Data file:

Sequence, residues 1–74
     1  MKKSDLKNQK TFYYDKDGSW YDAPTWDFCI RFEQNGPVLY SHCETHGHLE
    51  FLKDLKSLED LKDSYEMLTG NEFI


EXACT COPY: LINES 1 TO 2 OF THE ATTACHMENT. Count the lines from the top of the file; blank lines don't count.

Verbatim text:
Sequence, residues 1–74
     1  MKKSDLKNQK TFYYDKDGSW YDAPTWDFCI RFEQNGPVLY SHCETHGHLE